As most of you know (or should know if you've 1. been reading this blog for awhile or 2. know me well) I used to work at a bookstore until quite recently. My favourite part of that job was hearing what people were reading, getting recommendations, and suggesting books to customers. Now that I have more time for myself, I am slowly making my way through all the book customers have been recommending for awhile and I'm so glad that I am. The Help was one of those books like Water for Elephants that people had been telling me I need to read ever since it was released in February 2009. I have to say that I honestly had no idea what it was about. The only thing I knew was that it took place in the 1960s or so and involved some African Americans. And that came from the information about the movie adaptation that's currently in production. I can't believe I never even picked up the book to find out what it was so I could better recommend it to customers! *hangs head in shame* Here's the synopsis from Chapters:
Be prepared to meet three unforgettable women:Massive synopsis, I know. Sorry! But now you know more than I did when I picked up the book.
Twenty-two-year-old Skeeter has just returned home after graduating from Ole Miss. She may have a degree, but it is 1962, Mississippi, and her mother will not be happy till Skeeter has a ring on her finger. Skeeter would normally find solace with her beloved maid Constantine, the woman who raised her, but Constantine has disappeared and no one will tell Skeeter where she has gone.
Aibileen is a black maid, a wise, regal woman raising her seventeenth white child. Something has shifted inside her after the loss of her own son, who died while his bosses looked the other way. She is devoted to the little girl she looks after, though she knows both their hearts may be broken.
Minny, Aibileen's best friend, is short, fat, and perhaps the sassiest woman in Mississippi. She can cook like nobody's business, but she can't mind her tongue, so she's lost yet another job. Minny finally finds a position working for someone too new to town to know her reputation. But her new boss has secrets of her own.
Seemingly as different from one another as can be, these women will nonetheless come together for a clandestine project that will put them all at risk. And why? Because they are suffocating within the lines that define their town and their times. And sometimes lines are made to be crossed.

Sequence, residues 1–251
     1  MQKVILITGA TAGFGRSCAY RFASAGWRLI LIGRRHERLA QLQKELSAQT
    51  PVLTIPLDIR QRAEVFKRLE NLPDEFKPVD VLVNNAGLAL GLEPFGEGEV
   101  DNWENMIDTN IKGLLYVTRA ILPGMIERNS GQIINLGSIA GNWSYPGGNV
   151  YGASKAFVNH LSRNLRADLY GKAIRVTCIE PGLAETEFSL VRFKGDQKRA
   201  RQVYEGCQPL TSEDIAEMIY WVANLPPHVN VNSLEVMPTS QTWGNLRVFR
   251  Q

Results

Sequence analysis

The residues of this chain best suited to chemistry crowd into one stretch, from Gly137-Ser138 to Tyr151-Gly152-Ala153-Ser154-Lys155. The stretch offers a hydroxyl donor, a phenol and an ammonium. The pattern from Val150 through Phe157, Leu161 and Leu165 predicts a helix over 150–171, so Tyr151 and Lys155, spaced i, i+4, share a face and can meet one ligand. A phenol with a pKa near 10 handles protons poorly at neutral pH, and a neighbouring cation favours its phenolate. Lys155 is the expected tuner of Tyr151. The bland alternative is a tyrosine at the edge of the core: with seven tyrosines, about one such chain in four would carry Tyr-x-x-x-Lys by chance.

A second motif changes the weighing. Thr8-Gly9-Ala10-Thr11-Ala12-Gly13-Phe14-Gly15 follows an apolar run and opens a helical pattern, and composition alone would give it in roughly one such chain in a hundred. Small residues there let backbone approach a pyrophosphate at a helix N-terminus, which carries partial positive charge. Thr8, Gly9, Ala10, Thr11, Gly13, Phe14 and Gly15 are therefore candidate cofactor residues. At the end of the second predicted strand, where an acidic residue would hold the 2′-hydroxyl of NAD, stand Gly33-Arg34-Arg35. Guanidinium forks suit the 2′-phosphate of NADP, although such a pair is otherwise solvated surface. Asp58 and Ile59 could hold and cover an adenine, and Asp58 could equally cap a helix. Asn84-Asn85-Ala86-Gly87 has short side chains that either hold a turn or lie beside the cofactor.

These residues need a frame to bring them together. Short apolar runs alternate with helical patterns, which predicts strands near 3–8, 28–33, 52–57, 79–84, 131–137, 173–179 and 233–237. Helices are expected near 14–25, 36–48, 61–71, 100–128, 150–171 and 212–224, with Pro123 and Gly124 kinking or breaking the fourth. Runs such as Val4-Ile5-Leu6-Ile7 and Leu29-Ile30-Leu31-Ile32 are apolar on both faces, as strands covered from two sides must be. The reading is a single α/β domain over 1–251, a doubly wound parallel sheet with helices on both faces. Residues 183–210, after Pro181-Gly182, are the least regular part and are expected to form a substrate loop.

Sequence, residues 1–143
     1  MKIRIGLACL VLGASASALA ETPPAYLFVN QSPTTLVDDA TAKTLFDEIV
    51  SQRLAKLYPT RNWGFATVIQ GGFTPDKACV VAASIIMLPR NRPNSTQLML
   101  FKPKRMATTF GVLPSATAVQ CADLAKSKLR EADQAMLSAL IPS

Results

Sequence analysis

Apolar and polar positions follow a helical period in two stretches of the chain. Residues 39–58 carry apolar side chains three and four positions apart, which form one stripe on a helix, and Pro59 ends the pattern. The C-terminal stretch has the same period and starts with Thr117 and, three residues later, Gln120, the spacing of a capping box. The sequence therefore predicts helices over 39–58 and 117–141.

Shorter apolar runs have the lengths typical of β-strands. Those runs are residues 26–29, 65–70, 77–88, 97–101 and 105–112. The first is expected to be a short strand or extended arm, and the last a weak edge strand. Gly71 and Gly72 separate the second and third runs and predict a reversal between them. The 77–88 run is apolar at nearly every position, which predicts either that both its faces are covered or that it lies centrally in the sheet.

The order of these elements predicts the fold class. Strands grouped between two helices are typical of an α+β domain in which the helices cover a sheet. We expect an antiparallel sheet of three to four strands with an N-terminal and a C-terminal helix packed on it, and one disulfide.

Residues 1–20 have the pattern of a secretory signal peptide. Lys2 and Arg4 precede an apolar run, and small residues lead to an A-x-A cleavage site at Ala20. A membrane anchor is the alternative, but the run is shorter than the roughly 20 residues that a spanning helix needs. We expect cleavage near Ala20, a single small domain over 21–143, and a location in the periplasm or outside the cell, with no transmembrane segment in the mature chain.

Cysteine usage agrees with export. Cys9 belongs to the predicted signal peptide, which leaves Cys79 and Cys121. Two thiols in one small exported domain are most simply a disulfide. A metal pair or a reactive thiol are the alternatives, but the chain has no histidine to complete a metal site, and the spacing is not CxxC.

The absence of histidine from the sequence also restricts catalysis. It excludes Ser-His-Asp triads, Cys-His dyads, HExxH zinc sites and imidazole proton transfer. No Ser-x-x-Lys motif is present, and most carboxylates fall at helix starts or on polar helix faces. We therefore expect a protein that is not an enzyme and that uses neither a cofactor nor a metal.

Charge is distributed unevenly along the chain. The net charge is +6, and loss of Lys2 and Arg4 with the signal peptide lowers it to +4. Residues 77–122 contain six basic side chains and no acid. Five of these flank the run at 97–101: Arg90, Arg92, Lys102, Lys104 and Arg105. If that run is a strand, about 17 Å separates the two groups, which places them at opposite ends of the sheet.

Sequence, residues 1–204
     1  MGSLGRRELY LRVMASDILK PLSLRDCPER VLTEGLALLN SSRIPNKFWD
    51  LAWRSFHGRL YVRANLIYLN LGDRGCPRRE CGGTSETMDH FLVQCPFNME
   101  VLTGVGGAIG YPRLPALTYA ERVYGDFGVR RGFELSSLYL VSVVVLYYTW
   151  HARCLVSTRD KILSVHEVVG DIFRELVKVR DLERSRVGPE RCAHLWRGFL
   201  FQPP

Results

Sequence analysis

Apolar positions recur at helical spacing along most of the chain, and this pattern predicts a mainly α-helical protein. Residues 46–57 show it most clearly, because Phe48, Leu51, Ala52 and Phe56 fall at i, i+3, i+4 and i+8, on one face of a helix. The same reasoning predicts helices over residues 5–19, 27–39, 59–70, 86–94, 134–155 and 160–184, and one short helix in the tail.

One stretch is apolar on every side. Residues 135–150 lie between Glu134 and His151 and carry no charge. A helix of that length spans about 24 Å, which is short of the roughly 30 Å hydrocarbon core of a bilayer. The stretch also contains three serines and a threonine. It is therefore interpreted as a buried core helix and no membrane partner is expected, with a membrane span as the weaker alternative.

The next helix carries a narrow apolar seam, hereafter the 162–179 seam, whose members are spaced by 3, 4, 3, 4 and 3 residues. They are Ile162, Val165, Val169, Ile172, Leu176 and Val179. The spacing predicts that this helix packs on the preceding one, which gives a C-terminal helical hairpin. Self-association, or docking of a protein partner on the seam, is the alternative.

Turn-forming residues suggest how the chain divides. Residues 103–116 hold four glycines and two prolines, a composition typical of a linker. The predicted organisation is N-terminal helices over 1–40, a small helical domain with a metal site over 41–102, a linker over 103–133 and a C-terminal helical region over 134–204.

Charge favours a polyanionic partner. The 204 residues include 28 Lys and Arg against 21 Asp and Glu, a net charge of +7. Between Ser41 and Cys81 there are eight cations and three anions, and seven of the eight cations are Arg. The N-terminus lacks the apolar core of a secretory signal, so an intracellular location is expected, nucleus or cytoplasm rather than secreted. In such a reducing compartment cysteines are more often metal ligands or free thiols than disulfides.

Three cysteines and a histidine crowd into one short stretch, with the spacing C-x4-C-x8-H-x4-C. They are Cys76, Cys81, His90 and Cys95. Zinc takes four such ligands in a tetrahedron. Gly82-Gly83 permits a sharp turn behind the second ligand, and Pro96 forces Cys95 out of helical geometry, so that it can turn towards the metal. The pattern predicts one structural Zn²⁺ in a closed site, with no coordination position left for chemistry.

In pitch-perfect voices, Kathryn Stockett creates three extraordinary women whose determination to start a movement of their own forever changes a town, and the way women-mothers, daughters, caregivers, friends-view one another. A deeply moving novel filled with poignancy, humor, and hope, The Help is a timeless and universal story about the lines we abide by, and the ones we don't.
Once I got started and figured out what the story was I really didn't think I was going to love it. It's not a time of history that's ever particularly grabbed me before. Happily, the book proved me wrong. I ended up really enjoying this book and I highly recommend it.
My favourite thing about this novel was the fact that there was such great historical detail wrapped up in the most amazing personal stories. The characters were so well rounded and all three women, Aibileen, Minny and Skeeter, had the most unique and fantastic voices. Stockett does a great job of bouncing between stories and it doesn't get confusing at all. She seems to perfectly sense when she should switch to another character to get their perspective on a certain event.
I liked that Stockett had quite the extensive author's note at the end of the novel. I don't have the book with me anymore (supported my local library :) reserving books is a fantastic thing) so I apologize if I get something wrong. She explains why she felt the need to write this story. She grew up in Jackson, Mississippi (where the novel takes place) and had a black maid and this relationship seems to be mirrored in Skeeter's relationship with Constantine. She also talked about how she had many helpful people who made sure her historical details were accurate, and also made sure to mention that there were three things she refused to change even though the timing was incorrect. If you can figure them out, I applaud you...though, in my defense, I was born about 25 years after the book took place... :)
There isn't really anything negative I would say about this book. The only thing I that would have made me like it more would be an ending that is more clear cut. I don't want to give anything away, but I will say that while things do get wrapped up for the most part, there's one character whose life is completely up in the air at the end of the novel. I guess this makes it more realistic, which I can respect, but I enjoy knowing exactly what the characters are doing after the novel is over. Anyone else feel that way?
The movie comes out later this year and I will be going to see it. Or, at least renting it. It's hard to find people who want to see these adaptations with me. Still waiting to see Water for Elephants! I think they have a pretty good cast and am looking forward to seeing how the actors portray these amazing characters.
Overall, I really enjoyed this book and I think it can appeal to many different types of readers, particularly those who like historical fiction. Has anyone else read The Help? If so, what did you think? If you're looking for a good read, definitely go pick up this book. You won't regret it!